You’ve probably heard confined space horror stories a million times. The person inside a confined space becomes unresponsive. The “hole watch” responsible for monitoring the work goes into the confined space to check on their partner and is overcome by the same deadly gas. According to OSHA, these would-be rescuers make up 60 percent of confined space fatalities. It’s a tragic story of trying to help a co-worker based on gut reaction rather than proper safety protocols.

Properly training all workers before they work in or around confined spaces is a must, but in reality, not every job is performed under ideal conditions or with enough information about gas hazards.

Advancements in gas detection equipment, including area monitors, take these tragic real-world scenarios to heart and incorporate better communication technology to ensure everyone working around confined spaces will not only hear and see gas alarms, but also know where and why instruments are alarming. These new technologies aim to reduce would-be rescuer fatalities and accidents due to false evacuations. They also facilitate a faster emergency response from trained peers in the field, rather than relying on help from a central controller many miles away.

While it’s common for workers to perform atmospheric testing in confined spaces with handheld portable instruments, area monitors with peer-to-peer wireless connectivity can improve efficiency and safety of confined space operations, particularly those calling for extended, continuous monitoring.

What is peer-to-peer wireless connectivity?

More and more companies are turning to gas detectors linked by peer-to-peer mesh networks because they can connect workers and share gas readings without costly infrastructure or the hassles of IT setup.

Peer-to-peer communication networks wirelessly connect gas monitors in a certain range through a mesh network to share real-time alarms and gas readings. Certain models of area monitors and personal gas monitors can use this type of connectivity to improve worker safety by sharing real-time data with nearby confined space attendants. With this data, the attendant watching the hole in our example above would have known what caused his partner to become unresponsive without being exposed firsthand.

Unlike other market solutions, peer-to-peer mesh networks don’t require cellular or satellite, so the communication still works in confined spaces without traditional connectivity. Instead, these networks use devices as nodes to transmit data, with the data hopping from one node (or gas monitor) to another until reaching its destination. Think of it like students in a classroom: a student on one side of the room can pass a note to the other side of the room by handing it to a neighbor, who then passes the note to their own neighbor, all the way across the room.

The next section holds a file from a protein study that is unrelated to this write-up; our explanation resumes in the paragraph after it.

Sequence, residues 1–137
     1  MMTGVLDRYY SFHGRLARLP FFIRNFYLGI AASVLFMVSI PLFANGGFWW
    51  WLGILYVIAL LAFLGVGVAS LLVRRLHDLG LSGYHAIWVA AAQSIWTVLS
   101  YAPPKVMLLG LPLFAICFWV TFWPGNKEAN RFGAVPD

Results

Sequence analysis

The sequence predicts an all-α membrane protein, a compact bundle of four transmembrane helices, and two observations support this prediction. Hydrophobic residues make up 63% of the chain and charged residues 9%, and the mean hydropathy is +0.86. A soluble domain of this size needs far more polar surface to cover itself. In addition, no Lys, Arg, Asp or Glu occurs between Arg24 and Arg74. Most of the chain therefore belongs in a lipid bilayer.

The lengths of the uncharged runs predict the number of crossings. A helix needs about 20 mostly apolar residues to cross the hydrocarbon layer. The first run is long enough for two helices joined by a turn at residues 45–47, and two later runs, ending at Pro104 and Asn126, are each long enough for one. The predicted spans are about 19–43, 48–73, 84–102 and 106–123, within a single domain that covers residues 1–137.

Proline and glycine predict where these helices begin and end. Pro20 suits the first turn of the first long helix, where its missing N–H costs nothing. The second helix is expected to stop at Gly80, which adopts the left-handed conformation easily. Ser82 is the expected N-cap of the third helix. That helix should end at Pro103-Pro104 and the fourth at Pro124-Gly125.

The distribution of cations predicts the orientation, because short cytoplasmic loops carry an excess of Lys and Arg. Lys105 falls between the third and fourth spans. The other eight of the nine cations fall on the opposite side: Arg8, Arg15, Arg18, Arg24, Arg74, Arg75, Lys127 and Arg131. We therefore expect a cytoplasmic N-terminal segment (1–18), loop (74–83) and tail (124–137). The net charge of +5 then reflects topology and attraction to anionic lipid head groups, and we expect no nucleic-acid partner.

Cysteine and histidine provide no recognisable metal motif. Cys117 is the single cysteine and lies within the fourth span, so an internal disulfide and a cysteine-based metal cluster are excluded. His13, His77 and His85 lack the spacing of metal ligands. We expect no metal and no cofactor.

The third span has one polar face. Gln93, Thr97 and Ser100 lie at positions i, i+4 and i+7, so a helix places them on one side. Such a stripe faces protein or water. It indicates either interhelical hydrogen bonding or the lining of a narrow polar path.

Monitoring multiple confined spaces

According to OSHA standard 1910.146(d)(6), “Attendants may be assigned to monitor more than one permit space provided the duties described in paragraph (i) of this section can be effectively performed for each permit space that is monitored. Likewise, attendants may be stationed at any location outside the permit space to be monitored as long as the duties described in paragraph (i) of this section can be effectively performed for each permit space that is monitored.”

While OSHA’s rule says that watching multiple confined spaces at one time is acceptable, choosing the right gas detection tool is imperative.

Area monitors that offer a large display, clear alarms and long run times can exceed regulatory requirements, while adding wireless connectivity can increase the effectiveness and efficiency of safety programs. For example, if area monitors are placed inside the confined space, or are placed outside confined spaces with tubing to draw samples from inside the space, they can relay the gas readings to other connected instruments. That allows the attendant the flexibility to monitor what’s happening from any other connected instrument. If one instrument goes into alarm, all connected units will go into alarm. The attendant will know exactly where and what the problem is because it’s visible on the instrument display.

Having this information lets the attendant know whether the entrant should be evacuated, whether it’s safe to enter the confined space, and helps them determine what other safety precautions to take. The area monitor loudly and clearly communicates the hazard so there is little need for interpretation or ambiguity. In addition to the gas reading and high alarm icon, the attendant will know the difference between high alarms, low alarms, and maintenance reminders thanks to varying tones and different flashing colors that correspond to each alarm level. This can help to bridge the gap for inexperienced or untrained workers. These communication mechanisms, combined with peer-to-peer wireless, help reduce false evacuations and better prepare workers for gas hazards around confined spaces.

The live monitoring layer

Knowing what’s happening at any given moment across a site increases reaction times and helps responders know what they are facing and where they need to go. Using a cloud-based live monitoring platform connected to wireless area monitors is the easiest way to view real-time area monitor readings from a remote control room or any internet-connected device, providing instant access to live data.

Real-time area monitoring allows for a more holistic view of environmental conditions with advanced warnings and the ability to react quickly. In addition, the constant availability of data provides staff and employers with deeper insight into potential hazards – empowering management to make decisions that will improve job safety in the long run.